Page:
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Obesity (Silver Spring). 2007 May;15(5):1242-57.

Dietary interaction of high fat and marginal copper deficiency on cardiac contractile function.

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Department of Pharmacology, Physiology, and Therapeutics, University of North Dakota School of Medicine, Grand Forks, North Dakota, USA.



High-fat and marginally copper-deficient diets impair heart function, leading to cardiac hypertrophy, increased lipid droplet volume, and compromised contractile function, resembling lipotoxic cardiac dysfunction. However, the combined effect of the two on cardiac function is unknown. This study was designed to examine the interaction between high-fat and marginally copper-deficient diets on cardiomyocyte contractile function.


Weanling male rats were fed diets incorporating a low- or high-fat diet (10% or 45% of kcal from fat, respectively) with adequate (6 mg/kg) or marginally deficient (1.5 mg/kg) copper content for 12 weeks. Contractile function was determined with an IonOptix system including peak shortening (PS), time-to-PS, time-to-90% relengthening, maximal velocity of shortening/relengthening, and intracellular Ca(2+) ([Ca(2+)](I)) rise and decay.


Neither dietary treatment affected blood pressure or glucose levels, although the high-fat diet elicited obesity and glucose intolerance. Both diets depressed PS, maximal velocity of shortening/relengthening, and intracellular Ca(2+) ([Ca(2+)](I)) rise and prolonged time-to-90% relengthening and Ca(2+) decay without an additive effect between the two. Ca(2+) sensitivity, apoptosis, lipid peroxidation, nitrosative damage, tissue ceramide, and triglyceride levels were unaffected by either diet or in combination. Phospholamban (PLB) but not sarco(endo)plasmic reticulum Ca(2+)-ATPase was increased by both diets. Endothelial NO synthase was depressed with concurrent treatments. The electron transport chain was unaffected, although mitochondrial aconitase activity was inhibited by the high-fat diet.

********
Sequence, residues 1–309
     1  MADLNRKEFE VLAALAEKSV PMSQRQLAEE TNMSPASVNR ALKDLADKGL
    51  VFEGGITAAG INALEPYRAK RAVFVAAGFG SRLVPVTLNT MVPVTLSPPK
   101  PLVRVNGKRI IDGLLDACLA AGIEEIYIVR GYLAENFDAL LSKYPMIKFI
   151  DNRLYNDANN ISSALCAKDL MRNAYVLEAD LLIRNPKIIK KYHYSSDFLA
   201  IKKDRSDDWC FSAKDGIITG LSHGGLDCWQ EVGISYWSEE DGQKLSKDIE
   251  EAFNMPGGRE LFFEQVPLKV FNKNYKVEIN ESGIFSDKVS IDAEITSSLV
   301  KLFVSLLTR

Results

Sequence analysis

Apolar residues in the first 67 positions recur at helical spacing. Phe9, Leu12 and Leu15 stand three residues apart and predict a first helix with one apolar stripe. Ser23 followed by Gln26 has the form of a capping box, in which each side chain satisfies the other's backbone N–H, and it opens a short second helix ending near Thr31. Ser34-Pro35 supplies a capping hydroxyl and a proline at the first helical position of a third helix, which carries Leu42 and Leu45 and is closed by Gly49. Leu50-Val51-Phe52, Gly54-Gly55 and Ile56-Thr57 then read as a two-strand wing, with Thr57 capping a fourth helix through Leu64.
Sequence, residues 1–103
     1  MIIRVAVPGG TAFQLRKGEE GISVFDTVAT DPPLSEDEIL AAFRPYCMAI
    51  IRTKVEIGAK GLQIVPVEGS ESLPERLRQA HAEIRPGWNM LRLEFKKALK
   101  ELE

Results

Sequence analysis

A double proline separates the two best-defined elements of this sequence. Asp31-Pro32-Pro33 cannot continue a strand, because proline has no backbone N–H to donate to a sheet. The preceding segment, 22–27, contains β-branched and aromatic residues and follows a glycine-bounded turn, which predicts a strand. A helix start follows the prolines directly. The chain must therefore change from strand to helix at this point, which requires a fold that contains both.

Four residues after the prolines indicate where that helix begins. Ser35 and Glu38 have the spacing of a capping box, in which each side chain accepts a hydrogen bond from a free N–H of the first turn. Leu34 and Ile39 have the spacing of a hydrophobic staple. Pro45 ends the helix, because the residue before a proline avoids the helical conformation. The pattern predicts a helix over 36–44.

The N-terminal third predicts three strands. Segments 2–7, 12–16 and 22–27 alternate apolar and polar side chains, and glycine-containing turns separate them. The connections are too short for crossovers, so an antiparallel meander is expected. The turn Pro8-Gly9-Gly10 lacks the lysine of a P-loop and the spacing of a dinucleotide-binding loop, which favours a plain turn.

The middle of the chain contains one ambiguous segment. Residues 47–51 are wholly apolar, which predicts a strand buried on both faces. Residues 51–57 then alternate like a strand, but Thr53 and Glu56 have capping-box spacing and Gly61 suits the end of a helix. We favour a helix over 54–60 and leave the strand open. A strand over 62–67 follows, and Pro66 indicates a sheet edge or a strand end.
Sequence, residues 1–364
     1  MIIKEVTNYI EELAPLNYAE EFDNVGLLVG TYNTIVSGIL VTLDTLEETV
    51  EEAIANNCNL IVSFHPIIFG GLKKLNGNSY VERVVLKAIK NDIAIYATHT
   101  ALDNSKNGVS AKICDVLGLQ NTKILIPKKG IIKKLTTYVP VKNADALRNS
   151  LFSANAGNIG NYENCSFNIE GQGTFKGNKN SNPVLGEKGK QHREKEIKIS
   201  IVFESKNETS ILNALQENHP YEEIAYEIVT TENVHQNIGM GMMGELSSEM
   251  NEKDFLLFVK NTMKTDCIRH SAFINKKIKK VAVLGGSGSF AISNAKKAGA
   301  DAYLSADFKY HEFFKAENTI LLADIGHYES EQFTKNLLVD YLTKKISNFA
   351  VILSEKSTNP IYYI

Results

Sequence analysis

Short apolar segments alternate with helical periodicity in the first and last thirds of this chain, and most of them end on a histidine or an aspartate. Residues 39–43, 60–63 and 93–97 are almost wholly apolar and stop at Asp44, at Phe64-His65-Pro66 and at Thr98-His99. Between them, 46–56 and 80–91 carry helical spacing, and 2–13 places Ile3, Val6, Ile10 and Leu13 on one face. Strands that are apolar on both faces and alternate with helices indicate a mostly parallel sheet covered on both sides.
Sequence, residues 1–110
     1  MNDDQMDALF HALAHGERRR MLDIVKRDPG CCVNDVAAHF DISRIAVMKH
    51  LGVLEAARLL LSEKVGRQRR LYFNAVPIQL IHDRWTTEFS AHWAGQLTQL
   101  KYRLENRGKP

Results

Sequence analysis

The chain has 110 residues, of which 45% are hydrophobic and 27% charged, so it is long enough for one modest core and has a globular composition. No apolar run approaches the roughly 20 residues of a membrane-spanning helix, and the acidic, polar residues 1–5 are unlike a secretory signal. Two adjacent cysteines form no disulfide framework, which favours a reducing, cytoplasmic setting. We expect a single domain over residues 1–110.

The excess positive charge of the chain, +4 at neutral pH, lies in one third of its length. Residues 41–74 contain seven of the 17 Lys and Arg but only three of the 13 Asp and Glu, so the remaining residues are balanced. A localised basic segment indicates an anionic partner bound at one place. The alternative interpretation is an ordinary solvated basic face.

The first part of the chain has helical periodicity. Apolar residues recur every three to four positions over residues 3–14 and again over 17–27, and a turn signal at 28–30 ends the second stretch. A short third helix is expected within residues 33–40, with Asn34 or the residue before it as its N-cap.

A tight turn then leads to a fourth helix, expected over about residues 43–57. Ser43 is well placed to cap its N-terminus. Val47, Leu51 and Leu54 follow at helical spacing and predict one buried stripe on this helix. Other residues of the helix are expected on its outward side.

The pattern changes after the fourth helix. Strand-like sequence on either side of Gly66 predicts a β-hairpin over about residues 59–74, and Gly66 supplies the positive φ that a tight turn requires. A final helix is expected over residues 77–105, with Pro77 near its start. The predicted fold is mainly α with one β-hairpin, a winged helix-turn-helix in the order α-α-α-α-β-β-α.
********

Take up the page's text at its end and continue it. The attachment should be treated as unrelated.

These data suggest that high-fat and marginally copper deficient diets impaired cardiomyocyte contractile function and [Ca(2+)](i) homeostasis, possibly through a similar mechanism, without obvious lipotoxicity, nitrosative damage, and apoptosis.

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